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New Zealand Science Teacher


Australian science literacy falls

A new survey shows basic science knowledge is falling in Australia.

Results from the popular survey Science Literacy in Australia have been released for 2013.

The survey, conducted by Auspoll on behalf of the Australian Academy of Science, asked young Australian adults questions to test their basic scientific knowledge.

These included how long it took for Earth to travel around the sun and whether evolution was still occurring.

The survey also asked whether humans and dinosaurs ever co-existed, and some surprising results were revealed.

Three in ten people didn’t know that evolution is still occurring, with a similar proportion of the public dismissing the idea that humans influence evolution in other creatures.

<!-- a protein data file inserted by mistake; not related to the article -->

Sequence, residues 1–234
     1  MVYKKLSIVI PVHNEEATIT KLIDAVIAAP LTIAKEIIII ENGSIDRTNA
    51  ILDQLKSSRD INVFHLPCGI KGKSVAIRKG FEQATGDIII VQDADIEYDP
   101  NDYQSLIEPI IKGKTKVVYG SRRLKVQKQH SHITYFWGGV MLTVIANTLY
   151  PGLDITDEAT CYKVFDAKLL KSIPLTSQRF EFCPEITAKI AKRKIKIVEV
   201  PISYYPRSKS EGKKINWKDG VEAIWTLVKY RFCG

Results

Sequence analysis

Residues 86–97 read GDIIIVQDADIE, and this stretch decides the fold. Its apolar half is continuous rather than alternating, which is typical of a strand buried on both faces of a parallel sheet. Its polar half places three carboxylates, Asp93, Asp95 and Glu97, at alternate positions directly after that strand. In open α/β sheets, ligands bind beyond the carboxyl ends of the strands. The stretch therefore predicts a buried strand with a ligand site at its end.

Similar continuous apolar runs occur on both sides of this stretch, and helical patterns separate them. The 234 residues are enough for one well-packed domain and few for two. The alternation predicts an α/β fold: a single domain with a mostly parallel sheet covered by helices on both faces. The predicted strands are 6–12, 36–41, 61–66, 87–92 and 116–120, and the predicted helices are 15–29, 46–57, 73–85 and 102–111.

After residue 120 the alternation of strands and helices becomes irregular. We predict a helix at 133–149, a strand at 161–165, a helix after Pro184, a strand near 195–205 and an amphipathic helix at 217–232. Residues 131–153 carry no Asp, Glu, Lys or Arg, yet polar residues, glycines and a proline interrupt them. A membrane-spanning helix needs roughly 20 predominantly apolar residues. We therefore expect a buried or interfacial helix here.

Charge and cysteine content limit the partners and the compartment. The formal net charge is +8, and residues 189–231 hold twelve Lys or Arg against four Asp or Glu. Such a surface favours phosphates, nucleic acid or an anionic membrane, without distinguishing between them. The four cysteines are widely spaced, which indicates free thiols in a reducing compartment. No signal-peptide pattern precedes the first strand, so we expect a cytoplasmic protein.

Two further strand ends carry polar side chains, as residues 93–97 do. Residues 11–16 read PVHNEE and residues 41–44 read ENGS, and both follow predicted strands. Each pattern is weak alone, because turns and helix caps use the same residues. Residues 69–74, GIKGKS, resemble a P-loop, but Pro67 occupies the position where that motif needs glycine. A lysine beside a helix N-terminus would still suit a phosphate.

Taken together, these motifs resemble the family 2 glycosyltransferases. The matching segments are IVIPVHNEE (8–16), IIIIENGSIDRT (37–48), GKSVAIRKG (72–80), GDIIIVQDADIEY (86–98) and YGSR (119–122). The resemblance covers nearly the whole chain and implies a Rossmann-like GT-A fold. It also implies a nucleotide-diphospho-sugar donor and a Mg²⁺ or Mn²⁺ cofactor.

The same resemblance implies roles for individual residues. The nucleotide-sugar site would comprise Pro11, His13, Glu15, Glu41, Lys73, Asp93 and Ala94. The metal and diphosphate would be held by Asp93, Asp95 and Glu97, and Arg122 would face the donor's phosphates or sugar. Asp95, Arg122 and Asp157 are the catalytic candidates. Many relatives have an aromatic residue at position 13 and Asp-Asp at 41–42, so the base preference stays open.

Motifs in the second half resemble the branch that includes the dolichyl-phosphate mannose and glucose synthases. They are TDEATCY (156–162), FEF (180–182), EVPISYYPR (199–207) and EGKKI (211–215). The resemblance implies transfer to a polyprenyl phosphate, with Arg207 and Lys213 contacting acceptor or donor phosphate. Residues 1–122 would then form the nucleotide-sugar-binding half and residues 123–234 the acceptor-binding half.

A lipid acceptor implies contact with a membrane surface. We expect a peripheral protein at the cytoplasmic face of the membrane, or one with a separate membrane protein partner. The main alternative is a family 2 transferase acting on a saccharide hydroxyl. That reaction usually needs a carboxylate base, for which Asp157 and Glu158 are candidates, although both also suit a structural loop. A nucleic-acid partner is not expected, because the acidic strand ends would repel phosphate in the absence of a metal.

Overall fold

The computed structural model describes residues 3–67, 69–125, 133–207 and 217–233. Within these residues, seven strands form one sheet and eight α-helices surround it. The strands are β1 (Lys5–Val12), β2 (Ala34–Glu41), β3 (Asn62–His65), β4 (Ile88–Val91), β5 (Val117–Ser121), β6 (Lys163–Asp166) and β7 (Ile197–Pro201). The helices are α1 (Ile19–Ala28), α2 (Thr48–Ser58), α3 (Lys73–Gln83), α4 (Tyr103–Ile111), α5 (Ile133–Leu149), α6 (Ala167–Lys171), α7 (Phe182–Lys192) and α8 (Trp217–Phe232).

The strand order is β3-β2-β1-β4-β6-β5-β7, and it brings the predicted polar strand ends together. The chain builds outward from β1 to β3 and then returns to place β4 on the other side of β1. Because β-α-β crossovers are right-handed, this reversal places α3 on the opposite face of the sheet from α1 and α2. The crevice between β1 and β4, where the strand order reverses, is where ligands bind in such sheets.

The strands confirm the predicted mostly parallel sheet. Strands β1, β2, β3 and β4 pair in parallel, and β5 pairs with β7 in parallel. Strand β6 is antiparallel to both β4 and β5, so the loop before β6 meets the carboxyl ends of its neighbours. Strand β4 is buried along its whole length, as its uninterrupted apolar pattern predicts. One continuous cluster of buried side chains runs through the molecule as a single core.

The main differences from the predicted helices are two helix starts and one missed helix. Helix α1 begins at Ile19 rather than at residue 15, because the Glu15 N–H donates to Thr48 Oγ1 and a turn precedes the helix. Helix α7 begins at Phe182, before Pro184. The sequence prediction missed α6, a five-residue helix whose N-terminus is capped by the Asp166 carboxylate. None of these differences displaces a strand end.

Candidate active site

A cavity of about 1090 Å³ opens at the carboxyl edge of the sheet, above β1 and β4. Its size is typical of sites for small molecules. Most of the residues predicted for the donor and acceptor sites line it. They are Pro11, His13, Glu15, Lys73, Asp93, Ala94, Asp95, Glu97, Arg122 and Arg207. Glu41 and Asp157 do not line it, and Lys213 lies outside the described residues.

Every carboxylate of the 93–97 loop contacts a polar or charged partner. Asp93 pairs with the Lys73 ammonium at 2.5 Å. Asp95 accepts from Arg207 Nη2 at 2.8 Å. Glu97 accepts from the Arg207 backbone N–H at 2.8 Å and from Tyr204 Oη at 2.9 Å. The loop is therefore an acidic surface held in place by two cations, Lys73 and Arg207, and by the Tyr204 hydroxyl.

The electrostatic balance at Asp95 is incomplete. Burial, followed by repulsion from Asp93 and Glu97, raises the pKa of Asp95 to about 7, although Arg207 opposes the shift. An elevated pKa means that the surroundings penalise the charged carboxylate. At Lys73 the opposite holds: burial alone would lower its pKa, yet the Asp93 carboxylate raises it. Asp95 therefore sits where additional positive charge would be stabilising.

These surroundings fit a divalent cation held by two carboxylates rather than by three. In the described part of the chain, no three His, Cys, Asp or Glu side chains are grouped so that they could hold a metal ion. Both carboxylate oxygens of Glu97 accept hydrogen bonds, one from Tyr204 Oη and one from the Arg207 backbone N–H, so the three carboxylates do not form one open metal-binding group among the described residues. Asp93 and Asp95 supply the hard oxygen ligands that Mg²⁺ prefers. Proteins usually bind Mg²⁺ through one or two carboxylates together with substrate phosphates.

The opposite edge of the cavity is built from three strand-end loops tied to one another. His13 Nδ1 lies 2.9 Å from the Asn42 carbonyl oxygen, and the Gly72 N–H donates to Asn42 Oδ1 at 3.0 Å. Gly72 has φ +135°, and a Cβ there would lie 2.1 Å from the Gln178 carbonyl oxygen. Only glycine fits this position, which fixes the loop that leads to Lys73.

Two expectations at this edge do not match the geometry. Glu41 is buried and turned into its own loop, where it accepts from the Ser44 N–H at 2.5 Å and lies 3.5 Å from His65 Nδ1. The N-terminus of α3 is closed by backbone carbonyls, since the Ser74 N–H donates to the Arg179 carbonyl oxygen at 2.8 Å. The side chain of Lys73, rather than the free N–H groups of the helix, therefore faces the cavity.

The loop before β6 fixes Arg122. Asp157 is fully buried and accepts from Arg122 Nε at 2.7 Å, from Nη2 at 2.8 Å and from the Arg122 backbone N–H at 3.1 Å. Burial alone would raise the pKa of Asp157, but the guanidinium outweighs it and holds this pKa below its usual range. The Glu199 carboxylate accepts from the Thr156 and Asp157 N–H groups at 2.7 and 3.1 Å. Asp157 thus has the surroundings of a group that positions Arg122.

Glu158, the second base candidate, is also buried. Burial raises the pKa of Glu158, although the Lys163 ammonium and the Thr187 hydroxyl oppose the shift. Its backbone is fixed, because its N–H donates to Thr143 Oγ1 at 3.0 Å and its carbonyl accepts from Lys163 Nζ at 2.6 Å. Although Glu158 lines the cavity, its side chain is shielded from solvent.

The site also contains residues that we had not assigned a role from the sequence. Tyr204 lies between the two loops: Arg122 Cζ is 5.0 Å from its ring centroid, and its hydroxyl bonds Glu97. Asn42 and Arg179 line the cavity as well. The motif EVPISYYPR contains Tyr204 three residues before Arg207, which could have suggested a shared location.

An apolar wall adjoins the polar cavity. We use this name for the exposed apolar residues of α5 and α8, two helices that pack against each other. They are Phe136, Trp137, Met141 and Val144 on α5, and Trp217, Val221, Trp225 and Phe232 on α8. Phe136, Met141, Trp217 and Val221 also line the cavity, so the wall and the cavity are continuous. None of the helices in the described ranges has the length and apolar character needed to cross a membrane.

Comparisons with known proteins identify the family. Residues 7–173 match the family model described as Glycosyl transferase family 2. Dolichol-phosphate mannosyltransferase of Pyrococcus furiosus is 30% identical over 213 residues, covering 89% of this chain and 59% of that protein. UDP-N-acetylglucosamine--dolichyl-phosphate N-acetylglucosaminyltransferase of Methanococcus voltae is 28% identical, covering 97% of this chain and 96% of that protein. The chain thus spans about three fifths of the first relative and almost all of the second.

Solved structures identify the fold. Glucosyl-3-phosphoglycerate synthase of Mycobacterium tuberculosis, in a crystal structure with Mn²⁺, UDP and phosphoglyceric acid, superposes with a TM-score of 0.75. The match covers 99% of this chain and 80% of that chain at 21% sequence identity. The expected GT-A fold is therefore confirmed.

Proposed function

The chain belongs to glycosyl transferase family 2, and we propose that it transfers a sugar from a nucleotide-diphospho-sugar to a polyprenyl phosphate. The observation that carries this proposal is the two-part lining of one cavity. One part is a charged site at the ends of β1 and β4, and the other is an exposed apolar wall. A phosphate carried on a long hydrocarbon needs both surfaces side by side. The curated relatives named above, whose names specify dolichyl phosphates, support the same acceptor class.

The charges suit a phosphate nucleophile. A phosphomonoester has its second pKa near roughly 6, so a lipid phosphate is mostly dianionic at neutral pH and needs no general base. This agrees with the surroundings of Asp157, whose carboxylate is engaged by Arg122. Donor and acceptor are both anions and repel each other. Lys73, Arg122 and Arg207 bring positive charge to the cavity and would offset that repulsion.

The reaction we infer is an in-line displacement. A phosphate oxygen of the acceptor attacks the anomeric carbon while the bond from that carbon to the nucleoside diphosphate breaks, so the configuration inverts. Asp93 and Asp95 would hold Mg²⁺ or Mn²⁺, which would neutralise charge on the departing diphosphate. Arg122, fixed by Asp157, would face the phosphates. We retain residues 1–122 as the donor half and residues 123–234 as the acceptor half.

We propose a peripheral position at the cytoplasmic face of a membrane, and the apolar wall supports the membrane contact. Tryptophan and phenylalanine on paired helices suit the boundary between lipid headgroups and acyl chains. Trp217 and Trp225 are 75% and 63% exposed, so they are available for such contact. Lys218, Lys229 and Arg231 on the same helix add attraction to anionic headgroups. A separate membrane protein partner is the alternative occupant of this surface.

It also found that only 59 per cent of the respondents knew the Earth took just over a year to traverse the sun.

According to the survey, which questioned 1,115 people, Australians' knowledge has declined in the past three years. The same survey was previously conducted in 2010.

Australian academics suggest that films such as Jurassic Park confuse people about scientific ideas, such as humans and dinosaurs coexisting.

Professor Les Field, secretary for science policy at the Australian Academy of Science, expressed disappointment at the results.

He highlighted the need for wider scientific literacy to enable informed public debate on such issues as climate change and immunisation.

Find out how you'd fare by taking the test yourself here on The Guardian.

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